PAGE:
How to Avoid 5 Common Medicare Mistakes

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Tom Baker / EyeEm

If hearing the word "Medicare" makes you want to pull your hair out, you're not alone. It's confusing, there are a lot of rules, different parts, and deadlines, and if you don't know the details, you could run up against some penalties.

Don't run for the hills just yet. We're revealing common Medicare mistakes, and telling you exactly how to avoid them — so you can get the right coverage for your health, lifestyle, and budget.

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Mistake #1: Assuming Original Medicare will cover everything

Original Medicare includes Part A and Part B. Medicare Part A covers your inpatient care in hospitals. Part B covers medically necessary services like doctors' visits, outpatient care, and more.

Original Medicare includes a lot, but not everything. It doesn't cover prescription drugs, deductibles and copays, dentures, hearing aid exams or hearing aids, routine vision care, and medical expenses while traveling overseas. That's just to name a few.

So how do you get covered for these things? That's where Medicare Part C (Medicare Advantage plans) or Medicare Supplement plans (also known as Medigap) come in.

Mistake #2: Missing your Medicare enrollment period

Considering a Medicare Advantage plan? If you miss the initial enrollment period, then you won't have coverage beyond Original Medicare (Parts A and B). And while Original Medicare covers a lot, it doesn't cover everything.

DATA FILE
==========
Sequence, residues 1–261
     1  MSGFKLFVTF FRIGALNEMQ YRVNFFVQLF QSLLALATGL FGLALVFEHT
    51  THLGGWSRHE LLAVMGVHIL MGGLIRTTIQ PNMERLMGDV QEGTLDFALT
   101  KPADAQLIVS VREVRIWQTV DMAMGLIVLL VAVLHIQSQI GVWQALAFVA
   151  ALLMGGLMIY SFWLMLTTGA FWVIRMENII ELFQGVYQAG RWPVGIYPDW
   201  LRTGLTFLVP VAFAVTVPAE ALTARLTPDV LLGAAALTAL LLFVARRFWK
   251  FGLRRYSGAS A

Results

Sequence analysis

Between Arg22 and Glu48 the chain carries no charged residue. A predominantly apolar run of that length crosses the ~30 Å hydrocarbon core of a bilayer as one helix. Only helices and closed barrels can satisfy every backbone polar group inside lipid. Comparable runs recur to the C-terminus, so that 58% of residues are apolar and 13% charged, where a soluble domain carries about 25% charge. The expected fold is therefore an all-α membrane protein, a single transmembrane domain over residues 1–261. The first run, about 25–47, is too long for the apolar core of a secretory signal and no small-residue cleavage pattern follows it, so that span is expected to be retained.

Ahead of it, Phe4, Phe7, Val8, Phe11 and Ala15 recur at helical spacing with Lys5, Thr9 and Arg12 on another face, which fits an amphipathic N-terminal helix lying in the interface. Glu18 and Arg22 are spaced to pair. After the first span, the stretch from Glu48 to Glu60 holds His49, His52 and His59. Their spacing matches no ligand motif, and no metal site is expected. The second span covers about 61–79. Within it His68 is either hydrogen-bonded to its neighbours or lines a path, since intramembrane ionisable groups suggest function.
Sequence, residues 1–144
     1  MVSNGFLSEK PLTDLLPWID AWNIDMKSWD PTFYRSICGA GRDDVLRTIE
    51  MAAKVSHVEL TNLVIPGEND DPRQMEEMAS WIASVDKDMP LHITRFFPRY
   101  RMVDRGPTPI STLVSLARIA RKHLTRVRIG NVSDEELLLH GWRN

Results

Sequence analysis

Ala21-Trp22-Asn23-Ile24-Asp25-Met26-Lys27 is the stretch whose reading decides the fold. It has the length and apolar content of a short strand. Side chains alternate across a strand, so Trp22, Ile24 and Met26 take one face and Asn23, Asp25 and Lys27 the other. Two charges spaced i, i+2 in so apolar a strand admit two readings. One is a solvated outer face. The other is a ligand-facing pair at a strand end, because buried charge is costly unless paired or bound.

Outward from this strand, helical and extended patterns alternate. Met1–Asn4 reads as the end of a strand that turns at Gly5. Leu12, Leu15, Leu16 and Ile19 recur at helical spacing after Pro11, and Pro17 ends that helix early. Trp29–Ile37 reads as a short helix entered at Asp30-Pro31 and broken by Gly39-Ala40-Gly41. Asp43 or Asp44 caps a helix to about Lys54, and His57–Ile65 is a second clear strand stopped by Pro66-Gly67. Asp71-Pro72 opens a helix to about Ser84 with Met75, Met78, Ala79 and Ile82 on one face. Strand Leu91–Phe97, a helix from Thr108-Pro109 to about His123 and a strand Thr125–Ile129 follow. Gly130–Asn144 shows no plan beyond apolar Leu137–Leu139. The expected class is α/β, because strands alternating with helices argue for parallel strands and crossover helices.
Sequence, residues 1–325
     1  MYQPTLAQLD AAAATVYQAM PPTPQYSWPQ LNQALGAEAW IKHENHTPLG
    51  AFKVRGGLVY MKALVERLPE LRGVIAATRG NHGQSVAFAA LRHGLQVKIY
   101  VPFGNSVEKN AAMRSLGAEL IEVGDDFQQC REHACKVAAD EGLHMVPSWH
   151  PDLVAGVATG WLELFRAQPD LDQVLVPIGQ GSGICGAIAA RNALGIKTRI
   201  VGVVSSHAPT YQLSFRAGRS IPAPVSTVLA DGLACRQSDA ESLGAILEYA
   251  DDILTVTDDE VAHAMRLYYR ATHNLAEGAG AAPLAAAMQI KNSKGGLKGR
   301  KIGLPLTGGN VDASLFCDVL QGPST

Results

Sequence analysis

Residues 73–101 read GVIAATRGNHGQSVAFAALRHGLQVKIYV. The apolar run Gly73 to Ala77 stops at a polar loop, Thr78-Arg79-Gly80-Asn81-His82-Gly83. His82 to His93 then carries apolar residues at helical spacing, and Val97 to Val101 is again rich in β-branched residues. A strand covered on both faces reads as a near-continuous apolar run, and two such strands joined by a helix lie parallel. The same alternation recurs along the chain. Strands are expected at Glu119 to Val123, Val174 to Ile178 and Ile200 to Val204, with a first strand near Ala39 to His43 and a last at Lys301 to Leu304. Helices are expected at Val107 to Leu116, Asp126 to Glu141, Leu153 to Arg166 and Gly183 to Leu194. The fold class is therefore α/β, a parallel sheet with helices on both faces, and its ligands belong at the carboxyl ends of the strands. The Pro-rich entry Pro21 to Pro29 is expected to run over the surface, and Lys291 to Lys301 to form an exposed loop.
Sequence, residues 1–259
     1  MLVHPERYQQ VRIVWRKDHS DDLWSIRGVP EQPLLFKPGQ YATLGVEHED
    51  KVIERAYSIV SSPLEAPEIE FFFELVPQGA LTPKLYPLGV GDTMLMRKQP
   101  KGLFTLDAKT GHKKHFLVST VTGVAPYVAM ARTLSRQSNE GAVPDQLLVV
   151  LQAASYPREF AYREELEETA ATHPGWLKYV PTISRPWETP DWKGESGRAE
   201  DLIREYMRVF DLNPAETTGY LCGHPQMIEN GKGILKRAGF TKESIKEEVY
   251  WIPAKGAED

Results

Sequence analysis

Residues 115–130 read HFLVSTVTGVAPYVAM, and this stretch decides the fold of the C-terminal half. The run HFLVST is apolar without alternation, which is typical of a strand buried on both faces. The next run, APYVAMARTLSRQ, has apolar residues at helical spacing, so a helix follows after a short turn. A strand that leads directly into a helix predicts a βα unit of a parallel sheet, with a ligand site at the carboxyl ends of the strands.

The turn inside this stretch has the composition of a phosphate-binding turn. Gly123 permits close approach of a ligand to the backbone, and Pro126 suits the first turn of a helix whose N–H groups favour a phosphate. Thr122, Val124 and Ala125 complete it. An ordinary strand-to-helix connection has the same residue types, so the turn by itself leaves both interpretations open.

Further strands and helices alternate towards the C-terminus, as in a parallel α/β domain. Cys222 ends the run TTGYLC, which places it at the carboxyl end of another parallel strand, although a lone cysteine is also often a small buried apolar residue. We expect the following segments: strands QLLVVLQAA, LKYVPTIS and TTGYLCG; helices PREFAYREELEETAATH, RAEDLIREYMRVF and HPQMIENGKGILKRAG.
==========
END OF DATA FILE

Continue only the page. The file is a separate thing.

With Medicare Advantage, you get the coverage of Parts A and B. Many of these plans include other benefits like vision and dental care, hearing aid exams, a fitness program, and much more. It all depends on the plan you choose.

And if you don't enroll in Original Medicare when you're first eligible, you can face an increase in premiums and/or late penalties. It may sound confusing, but there are things you can do to make sure you don't miss enrollment dates.

Mistake #3: Failing to sign up for Medicare because you aren't receiving Social Security benefits

Generally, you'll be automatically enrolled in Original Medicare when you turn 65 if you're collecting Social Security. If you're not getting Social Security, you'll need to sign up for Parts A and B separately by ing the US Social Security Administration during your initial enrollment period. It includes the three months before you turn 65, your birthday month, and the three months after your 65th birthday.If you're on Social Security disability insurance, you'll be automatically enrolled in your 25th month of disability.

Mistake #4: Not signing up for Medicare Part D because you don't take any prescription drugs

Why pay Part D premiums if you're not prescribed to any medicines? Because there's no way to predict unexpected illnesses or injuries that may require prescription drugs. Unfortunately, Part D doesn't allow you to wait to sign up until the need becomes urgent (there are limited exceptions). For example, if you don't have Part D and you're diagnosed with high blood pressure, your medicines won't be covered. To avoid this, you need to sign up for Part D during your initial enrollment period. It's best to protect your health and wallet ahead of time.

Mistake #5: Failing to read your Annual Notice of Change (ANOC)

Every year, your Medicare plan will send you an ANOC — an Annual Notice of Change. It tells you what changes your plan is making for the following year that may affect your coverage. Make sure you read it, so you don't miss important information that could cost you money. Look to see if your doctors are still in your network, if any benefits have changed, and if your prescriptions are still covered. You should also look out for changes in costs like copays, deductibles, and coinsurance. Even small changes can add up over the year.

Amy Capomaccio is a health care writer at Aetna with experience in senior wellness, Medicare, Medicaid, and commercial health care. When she's not practicing new mindfulness techniques, Amy is spending time outdoors and traveling. Amy hails from Wakefield, MA and has a degree in Advertising and Public Relations from the University of Tampa.